Figure 1: a) Dendrons (right) are branched fragments of dendrimers (left), featuring a functional group (FG) at their focal point which can be orthogonal to all other functionalities of the molecule; b) di- and tetravalent polyether glycodendrons equipped with protected α-D-mannosyl residues were employed to test postsynthetic modification at the focal point; FG: double bond, OH.

Focal functionalization of dendrons can be performed prior to modification of the multivalent dendron periphery, or as postsynthetic modification. However, postsynthetic functionalization of the focal point of a rather bulky molecule is not necessarily facile owing to steric hindrance, and therefore has been employed to a lesser extent until to date. Consequently, we have commenced a study on postsynthetic modification of di- and tetravalent polyether glycodendrons, functionalized with a focal double bond or hydroxy group, respectively (Figure 1b).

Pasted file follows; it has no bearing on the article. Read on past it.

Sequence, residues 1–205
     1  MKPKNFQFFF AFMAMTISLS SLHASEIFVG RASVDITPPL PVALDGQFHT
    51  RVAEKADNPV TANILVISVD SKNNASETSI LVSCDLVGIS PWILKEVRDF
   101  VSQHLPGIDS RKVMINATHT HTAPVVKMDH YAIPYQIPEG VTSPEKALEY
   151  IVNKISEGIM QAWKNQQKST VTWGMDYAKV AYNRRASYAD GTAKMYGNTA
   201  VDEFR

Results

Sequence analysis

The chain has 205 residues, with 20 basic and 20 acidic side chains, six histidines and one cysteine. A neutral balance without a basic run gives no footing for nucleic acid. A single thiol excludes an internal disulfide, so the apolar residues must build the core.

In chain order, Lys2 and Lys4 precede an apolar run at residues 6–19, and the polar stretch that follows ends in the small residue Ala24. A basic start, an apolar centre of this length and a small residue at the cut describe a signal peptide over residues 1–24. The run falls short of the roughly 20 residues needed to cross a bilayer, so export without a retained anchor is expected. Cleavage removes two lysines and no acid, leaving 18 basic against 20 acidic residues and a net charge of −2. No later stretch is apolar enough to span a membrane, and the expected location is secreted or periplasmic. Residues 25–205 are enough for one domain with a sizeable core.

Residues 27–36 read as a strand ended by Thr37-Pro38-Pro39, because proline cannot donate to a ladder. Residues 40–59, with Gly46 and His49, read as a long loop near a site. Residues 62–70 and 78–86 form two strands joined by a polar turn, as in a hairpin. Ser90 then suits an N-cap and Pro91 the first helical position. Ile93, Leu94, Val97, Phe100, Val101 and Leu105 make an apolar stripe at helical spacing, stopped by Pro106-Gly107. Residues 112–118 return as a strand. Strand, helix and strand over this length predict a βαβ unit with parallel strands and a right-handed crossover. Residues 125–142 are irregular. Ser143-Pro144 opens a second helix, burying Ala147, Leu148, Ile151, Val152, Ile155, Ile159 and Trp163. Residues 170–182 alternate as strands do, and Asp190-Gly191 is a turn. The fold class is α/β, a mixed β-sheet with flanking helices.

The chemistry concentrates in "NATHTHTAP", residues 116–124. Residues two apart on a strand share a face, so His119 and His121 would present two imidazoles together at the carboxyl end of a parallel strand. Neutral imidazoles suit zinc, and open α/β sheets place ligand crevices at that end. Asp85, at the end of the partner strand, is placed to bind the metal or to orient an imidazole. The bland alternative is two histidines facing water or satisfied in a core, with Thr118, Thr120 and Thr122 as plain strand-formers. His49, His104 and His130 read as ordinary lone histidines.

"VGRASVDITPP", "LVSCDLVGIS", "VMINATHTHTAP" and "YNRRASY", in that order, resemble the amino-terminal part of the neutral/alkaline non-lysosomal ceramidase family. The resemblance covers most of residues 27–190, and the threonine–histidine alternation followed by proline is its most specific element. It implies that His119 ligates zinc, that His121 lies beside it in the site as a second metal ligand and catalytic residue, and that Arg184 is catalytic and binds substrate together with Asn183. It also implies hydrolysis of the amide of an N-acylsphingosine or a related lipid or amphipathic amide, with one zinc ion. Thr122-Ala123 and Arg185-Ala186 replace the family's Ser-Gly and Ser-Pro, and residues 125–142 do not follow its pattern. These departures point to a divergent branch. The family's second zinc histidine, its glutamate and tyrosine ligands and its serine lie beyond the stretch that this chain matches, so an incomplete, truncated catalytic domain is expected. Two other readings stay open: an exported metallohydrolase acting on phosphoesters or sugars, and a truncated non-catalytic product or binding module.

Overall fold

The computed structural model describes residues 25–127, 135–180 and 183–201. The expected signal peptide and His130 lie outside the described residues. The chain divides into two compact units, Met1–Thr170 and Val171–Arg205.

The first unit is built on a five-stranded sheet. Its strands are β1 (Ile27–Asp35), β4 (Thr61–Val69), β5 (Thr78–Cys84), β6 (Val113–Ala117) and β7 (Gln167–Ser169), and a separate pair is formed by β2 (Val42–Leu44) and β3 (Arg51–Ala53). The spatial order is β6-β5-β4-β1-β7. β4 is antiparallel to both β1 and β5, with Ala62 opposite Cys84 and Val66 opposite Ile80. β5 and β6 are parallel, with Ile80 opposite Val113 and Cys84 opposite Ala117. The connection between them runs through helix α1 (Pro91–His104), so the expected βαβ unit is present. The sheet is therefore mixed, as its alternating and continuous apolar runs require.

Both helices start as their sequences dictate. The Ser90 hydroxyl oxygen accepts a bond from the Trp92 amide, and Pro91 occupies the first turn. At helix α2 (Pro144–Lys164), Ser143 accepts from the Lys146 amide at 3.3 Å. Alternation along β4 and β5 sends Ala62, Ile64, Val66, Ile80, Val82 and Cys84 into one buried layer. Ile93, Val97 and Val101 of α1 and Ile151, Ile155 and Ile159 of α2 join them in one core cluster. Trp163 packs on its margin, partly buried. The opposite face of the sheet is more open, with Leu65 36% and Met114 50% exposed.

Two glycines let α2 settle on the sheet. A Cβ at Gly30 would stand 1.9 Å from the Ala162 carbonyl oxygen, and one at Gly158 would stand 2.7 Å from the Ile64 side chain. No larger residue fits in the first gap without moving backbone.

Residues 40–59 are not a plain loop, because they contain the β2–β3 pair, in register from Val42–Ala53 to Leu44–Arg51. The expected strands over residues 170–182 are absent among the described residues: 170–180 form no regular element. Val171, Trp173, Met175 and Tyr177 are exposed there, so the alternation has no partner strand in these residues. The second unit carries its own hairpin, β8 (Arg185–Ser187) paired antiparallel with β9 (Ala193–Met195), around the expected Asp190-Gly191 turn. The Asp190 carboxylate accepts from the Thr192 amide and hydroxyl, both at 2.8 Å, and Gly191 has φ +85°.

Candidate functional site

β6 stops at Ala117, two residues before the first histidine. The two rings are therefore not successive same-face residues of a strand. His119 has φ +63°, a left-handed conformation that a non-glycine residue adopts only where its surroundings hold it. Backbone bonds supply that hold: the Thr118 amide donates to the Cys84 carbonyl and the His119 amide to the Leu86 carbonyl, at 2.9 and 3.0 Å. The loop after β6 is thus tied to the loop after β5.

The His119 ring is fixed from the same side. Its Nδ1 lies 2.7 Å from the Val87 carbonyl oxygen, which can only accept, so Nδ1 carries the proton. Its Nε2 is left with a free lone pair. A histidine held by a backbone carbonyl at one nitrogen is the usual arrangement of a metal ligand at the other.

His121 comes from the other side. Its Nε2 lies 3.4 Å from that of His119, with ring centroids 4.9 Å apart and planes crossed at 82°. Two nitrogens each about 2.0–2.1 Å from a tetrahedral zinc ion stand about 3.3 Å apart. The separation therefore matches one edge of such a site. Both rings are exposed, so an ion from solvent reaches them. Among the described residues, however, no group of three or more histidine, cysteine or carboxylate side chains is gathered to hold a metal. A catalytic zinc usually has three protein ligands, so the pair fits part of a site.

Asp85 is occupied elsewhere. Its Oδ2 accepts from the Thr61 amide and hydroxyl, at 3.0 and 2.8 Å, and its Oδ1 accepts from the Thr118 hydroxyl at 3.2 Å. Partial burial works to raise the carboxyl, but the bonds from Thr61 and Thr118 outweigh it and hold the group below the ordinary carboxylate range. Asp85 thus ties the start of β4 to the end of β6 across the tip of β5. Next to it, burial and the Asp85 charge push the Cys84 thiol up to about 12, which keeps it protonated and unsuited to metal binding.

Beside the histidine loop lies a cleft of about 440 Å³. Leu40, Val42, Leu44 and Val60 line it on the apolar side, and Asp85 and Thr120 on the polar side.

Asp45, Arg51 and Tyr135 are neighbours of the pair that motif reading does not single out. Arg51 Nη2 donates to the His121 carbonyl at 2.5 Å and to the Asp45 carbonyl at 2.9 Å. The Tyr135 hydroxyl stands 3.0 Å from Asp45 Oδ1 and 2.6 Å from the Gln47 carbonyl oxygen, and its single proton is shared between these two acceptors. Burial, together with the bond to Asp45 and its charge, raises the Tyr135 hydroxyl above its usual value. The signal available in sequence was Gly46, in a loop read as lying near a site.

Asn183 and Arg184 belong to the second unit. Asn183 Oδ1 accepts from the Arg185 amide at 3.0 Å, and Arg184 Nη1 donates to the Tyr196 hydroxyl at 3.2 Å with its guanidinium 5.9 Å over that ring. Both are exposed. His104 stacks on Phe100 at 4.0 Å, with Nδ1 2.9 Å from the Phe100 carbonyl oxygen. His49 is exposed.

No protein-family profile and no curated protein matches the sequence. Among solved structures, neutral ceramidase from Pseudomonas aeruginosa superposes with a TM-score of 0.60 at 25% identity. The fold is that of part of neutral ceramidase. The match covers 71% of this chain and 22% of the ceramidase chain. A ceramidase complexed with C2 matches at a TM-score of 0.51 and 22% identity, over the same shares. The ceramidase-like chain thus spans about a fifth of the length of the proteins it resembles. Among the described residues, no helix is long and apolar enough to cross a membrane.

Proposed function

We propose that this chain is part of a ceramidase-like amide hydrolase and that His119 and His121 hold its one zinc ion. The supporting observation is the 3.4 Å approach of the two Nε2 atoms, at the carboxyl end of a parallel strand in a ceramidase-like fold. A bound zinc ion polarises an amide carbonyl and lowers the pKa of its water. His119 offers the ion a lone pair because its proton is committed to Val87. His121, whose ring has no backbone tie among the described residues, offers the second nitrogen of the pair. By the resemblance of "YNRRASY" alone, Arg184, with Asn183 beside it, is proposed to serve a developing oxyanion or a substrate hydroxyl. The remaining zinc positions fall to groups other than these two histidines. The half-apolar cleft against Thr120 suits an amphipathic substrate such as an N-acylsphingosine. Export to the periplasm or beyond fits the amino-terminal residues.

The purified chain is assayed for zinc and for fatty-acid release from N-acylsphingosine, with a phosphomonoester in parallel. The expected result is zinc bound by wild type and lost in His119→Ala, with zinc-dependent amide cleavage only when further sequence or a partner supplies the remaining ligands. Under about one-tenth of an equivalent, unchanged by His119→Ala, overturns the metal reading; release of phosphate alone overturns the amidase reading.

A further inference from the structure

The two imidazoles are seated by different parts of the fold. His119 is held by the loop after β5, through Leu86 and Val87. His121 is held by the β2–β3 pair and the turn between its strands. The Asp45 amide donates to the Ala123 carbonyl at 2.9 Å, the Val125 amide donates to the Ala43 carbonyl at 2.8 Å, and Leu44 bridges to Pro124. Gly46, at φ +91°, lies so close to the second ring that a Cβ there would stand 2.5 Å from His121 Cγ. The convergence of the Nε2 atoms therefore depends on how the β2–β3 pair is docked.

Results and Discussion

The principal synthesis of the employed polyether glycodendrons has been published earlier by us [7,8]. It is based on Williamson etherification of methallyldichloride (MDC, 1, 3-chloro-2-chloromethyl-1-propene) [9] using the isopropylidene-protected hydroxyethyl mannoside 2 to furnish the divalent glycodendron 3 (Scheme 1). Then, ozonolysis yields the alcohol 4 in a quantitative reaction, which can be further modified at the focal hydroxy group, leading to 5 after allylation and to the primary alcohol 6 in the following ozonolysis step. However, the alcohol 4 can also be employed in another etherification reaction with MDC to deliver glycodendron 7 of the next dendron generation. This in turn, can be further elaborated to give the alcohol 8 and the formerly unknown glycodendron alkene 9.